Boris Hambourg

Cellist, administrator, b Voronezh, Russia, 27 Dec 1884 (Julian Calendar, 8 Jan 1885), naturalized Canadian 1910, d Toronto 24 Nov 1954. The family moved to England when he was five, and he had cello lessons in London from Herbert Walenn.

Boris Hambourg

Cellist, administrator, b Voronezh, Russia, 27 Dec 1884 (Julian Calendar, 8 Jan 1885), naturalized Canadian 1910, d Toronto 24 Nov 1954. The family moved to England when he was five, and he had cello lessons in London from Herbert Walenn. He studied 1898-1903 with Hugo Becker (cello) and Ivan Knorr (composition) at the Hoch Konservatorium in Frankfurt, and Eugène Ysaÿe coached him in chamber music at Godinne-sur-Meuse, Belgium. His 1903 debut, at Bad Pyrmont, Germany, was followed by appearances in Europe, South Africa, New Zealand, and Australia, alone or with the Hambourg Trio (Mark, Jan, and Boris) or the Hambourg String Quartet (Jan, John Robinson, Eric Coates, and Boris).

After performances in the USA in 1910 Boris settled with the family in Toronto, where he helped establish the Hambourg Conservatory and the Hambourg Concert Society, which presented chamber music. He also taught at the conservatory, and his pupils included Marcus Adeney and Glen Morley. After his father, Michael's, death Boris directed the conservatory, with some assistance from Jan, until it closed in 1951. He continued to perform in Canada, the USA, and, almost annually, Europe and organized a succession of Hambourg Trios.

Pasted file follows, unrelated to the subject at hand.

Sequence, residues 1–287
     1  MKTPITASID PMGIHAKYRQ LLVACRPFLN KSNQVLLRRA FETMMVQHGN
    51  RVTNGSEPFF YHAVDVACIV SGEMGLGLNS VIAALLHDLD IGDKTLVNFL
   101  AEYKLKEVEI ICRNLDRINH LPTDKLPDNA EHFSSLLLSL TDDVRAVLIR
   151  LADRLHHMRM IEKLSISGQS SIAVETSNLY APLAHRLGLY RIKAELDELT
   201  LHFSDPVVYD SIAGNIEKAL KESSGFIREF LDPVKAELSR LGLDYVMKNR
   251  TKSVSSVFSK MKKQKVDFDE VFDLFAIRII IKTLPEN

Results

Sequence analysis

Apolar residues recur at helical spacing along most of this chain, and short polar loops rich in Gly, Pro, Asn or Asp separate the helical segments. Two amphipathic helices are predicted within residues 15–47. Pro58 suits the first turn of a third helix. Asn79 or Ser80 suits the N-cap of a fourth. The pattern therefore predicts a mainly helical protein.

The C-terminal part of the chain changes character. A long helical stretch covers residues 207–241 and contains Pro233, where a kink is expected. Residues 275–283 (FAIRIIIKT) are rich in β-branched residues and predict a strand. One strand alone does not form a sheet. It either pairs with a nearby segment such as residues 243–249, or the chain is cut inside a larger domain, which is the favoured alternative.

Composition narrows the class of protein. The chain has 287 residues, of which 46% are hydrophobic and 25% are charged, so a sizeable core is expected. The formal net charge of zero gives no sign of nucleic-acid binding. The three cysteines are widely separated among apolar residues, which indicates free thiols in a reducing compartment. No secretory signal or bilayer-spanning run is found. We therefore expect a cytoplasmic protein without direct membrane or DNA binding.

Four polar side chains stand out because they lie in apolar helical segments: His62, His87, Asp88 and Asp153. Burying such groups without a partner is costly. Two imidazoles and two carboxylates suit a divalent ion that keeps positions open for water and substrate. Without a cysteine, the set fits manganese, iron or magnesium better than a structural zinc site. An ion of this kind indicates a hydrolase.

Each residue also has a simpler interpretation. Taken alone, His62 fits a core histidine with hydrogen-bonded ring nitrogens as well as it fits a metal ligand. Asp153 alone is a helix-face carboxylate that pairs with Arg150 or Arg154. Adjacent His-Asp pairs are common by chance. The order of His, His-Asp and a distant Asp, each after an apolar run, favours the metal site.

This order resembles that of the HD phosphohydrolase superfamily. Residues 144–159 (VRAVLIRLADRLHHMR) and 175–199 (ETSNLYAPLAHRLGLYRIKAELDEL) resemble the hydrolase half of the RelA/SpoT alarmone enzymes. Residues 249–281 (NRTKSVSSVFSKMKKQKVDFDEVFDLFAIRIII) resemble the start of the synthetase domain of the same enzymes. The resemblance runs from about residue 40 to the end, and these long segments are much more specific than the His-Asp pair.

In 1923 Boris married Maria ('Borina') Bauchope (b Dunedin, New Zealand, d Toronto 1965), a pianist who had studied in London, who taught in Toronto, and whose keen social skills helped establish the Hambourg position in the arts community. That same year Boris became a founding member of the Hart House String Quartet and remained with it throughout its existence (1923-46). While on tour in England in 1934 he became the first Canadian instrumentalist to play on television (BBC). In 1945 he founded the Toronto Music Lovers' Club, which offered a series of concerts by the Pirani Trio, the de Kresz-Hambourg Trio, and the Pro Musica Trio, assisted on occasion by individual artists. Boris also gave cello recitals, often in cycles covering the repertoire from the renaissance to the present. He wrote cello pieces (including six Preludes and six Russian Dances), and songs, and with Alfred Moffat co-edited cello pieces by 18th-century Italian composers. He recorded as a soloist and as a member of the Hart House String Quartet. He was an active member of the Arts and Letters Club, Toronto. His main contribution to music was his activity in, and on behalf of, chamber music. New works and classics had first Toronto performances under his guidance, and he gave encouragement and opportunities to his own and a younger generation of musicians.

See also Clement Hambourg (his brother).


Further Reading

  • Brewester, Musiel. 'Hand of fate formed the Hart House Quartet,' Toronto Star Weekly, 29 Nov 1924

    Hausman, Ed. 'Who remembers 194 Wellesley,' Toronto Daily Star, 6 Jan 1968

    Adaskin, Harry. A Fiddler's World (Vancouver 1977)

    Koch, Eric. The brothers Hambourg (Toronto 1997)

    Metropolitan Toronto Library. Music division. Vertical files

    NL of C. Vertical files